NHTSA to More Closely Scrutinize Tesla’s Autopilot Feature ⇥ nytimes.com
After writing about my CarPlay concerns, I had intended to link to this new report yesterday by Cade Metz at the New York Times as a sort of companion:
Autopilot has been on public roads since 2015. General Motors introduced Super Cruise in 2017, and Ford Motor brought out BlueCruise last year. But publicly available data that reliably measures the safety of these technologies is scant. American drivers — whether using these systems or sharing the road with them — are effectively guinea pigs in an experiment whose results have not yet been revealed.
A year ago, the National Highway Traffic Safety Administration, the government’s auto safety regulator, ordered companies to report potentially serious crashes involving advanced driver-assistance systems along the lines of Autopilot within a day of learning about them. The order said the agency would make the reports public, but it has not yet done so.
The safety agency declined to comment on what information it had collected so far but said in a statement that the data would be released “in the near future.”
I got distracted and forgot all about this link, which actually worked out for the best, because Neal E. Boudette reports today for the Times about some developments in the NHTSA’s investigation of Tesla specifically:
The agency, the National Highway Traffic Safety Administration, said Thursday that it was upgrading its preliminary evaluation of Autopilot to an engineering analysis, a more intensive level of scrutiny that is required before a recall can be ordered.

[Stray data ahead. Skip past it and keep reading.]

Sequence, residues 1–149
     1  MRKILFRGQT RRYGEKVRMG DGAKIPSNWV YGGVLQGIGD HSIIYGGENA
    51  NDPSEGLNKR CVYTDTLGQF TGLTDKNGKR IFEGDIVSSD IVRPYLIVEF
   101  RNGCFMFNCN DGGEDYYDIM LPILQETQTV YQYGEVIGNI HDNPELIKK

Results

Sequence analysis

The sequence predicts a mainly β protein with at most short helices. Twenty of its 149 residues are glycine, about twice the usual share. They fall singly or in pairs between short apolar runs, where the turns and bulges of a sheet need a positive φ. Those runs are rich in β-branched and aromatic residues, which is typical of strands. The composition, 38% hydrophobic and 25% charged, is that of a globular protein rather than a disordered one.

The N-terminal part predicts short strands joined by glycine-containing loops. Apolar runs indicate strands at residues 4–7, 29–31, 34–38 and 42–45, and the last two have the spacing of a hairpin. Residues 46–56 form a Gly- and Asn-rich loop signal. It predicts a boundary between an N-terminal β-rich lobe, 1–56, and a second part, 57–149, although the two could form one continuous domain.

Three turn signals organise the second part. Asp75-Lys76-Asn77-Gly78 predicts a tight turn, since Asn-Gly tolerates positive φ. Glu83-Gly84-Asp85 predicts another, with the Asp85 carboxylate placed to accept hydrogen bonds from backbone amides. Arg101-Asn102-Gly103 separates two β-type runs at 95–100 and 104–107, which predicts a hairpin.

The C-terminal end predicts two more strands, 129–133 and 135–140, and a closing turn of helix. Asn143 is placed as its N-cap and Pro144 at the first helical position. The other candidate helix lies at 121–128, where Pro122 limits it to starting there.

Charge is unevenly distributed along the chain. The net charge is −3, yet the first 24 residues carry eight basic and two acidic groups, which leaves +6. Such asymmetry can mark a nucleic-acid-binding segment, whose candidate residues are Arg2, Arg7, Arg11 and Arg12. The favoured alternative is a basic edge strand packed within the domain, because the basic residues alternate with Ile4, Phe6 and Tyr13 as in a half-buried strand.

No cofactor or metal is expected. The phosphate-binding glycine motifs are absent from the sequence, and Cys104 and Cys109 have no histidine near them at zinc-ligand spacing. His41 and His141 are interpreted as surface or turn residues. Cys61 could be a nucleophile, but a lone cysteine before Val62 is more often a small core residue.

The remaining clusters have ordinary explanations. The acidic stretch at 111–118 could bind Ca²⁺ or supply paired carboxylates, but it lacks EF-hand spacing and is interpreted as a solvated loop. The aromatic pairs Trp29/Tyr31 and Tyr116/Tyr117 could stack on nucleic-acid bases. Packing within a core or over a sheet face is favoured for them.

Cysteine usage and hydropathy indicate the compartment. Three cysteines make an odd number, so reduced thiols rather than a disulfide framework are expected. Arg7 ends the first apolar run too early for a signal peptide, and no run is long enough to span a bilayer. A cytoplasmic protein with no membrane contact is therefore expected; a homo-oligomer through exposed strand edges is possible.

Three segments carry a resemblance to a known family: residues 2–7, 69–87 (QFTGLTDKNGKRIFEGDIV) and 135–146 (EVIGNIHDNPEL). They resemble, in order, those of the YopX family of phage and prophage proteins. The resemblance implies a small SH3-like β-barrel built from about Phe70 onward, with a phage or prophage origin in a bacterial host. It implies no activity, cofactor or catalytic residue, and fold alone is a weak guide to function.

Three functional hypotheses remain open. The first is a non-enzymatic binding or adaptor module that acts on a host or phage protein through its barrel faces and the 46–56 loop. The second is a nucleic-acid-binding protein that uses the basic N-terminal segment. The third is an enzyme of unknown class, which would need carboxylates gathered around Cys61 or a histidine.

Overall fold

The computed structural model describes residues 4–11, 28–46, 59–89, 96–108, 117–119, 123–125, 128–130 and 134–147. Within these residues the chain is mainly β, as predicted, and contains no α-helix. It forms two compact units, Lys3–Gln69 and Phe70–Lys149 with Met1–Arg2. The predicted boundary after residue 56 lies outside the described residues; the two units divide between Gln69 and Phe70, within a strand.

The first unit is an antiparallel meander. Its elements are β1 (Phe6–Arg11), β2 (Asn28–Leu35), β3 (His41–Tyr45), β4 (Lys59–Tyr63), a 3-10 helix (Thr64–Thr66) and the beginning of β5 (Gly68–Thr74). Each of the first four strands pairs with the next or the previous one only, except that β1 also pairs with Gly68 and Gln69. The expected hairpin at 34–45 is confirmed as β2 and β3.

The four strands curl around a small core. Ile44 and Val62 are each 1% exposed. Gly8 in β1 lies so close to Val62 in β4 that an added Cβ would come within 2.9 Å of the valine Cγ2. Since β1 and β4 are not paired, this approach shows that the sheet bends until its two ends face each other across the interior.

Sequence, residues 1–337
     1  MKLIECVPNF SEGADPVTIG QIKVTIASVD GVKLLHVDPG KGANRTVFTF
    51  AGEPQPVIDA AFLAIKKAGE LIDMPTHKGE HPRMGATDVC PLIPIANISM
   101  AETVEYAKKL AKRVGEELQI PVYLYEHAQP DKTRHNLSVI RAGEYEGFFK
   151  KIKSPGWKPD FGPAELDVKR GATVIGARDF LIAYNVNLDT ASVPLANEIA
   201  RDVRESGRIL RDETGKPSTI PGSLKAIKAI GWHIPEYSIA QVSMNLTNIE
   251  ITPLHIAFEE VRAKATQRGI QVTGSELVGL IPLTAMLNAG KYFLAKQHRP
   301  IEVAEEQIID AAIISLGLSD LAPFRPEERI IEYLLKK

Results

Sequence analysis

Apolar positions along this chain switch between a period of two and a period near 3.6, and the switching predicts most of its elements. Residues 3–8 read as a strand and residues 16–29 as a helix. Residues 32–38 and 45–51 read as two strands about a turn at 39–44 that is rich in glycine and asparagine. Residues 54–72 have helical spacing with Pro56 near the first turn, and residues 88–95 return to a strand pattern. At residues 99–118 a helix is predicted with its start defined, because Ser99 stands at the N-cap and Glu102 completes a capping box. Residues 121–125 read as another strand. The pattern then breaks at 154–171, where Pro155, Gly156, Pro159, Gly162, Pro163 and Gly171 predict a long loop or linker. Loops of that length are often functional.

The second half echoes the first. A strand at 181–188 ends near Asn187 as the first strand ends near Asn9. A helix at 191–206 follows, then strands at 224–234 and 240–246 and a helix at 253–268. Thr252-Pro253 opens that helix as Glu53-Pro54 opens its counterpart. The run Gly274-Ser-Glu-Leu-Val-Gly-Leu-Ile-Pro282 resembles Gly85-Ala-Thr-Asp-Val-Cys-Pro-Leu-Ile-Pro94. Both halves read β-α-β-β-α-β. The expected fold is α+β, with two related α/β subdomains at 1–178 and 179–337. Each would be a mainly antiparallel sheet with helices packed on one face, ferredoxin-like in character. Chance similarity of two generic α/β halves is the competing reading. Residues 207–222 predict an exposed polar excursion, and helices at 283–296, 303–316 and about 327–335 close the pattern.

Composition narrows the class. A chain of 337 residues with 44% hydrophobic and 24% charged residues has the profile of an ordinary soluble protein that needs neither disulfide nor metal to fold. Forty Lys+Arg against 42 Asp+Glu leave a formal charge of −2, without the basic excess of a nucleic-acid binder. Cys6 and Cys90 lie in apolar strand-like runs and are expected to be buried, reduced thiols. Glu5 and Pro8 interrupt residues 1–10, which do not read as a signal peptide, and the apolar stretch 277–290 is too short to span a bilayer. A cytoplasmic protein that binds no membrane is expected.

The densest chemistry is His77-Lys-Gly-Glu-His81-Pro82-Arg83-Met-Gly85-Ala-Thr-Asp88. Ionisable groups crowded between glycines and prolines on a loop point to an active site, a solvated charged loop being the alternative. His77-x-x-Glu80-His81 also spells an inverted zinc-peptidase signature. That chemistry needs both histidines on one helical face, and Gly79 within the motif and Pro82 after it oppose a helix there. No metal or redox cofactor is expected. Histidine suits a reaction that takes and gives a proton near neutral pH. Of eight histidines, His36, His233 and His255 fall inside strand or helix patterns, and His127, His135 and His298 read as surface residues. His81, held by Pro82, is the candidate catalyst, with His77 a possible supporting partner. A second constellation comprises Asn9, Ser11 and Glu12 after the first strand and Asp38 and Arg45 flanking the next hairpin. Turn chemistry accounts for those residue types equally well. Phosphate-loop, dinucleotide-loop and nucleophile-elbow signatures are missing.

The analysis will look at whether Autopilot fails to prevent drivers from diverting their attention from the road and engaging in other predictable and risky behavior while using the system.
This sounds like it is limited in scope to understanding if Autopilot should be doing more to prevent owners from treating the system as anything more than a driver assist feature with a misleading name. That is a good start. But I have to wonder how much of drivers’ overconfidence in the system is reflective of the company’s marketing rather than the more subdued way it is presented in the car. It is hard to roll back Elon Musk’s claims that fully autonomous transportation is one to two years out every year for the past decade. I am not even sure it matters whether people believe him. Hearing that repeated time and time again by often sycophantic media outlets must seep into the public consciousness.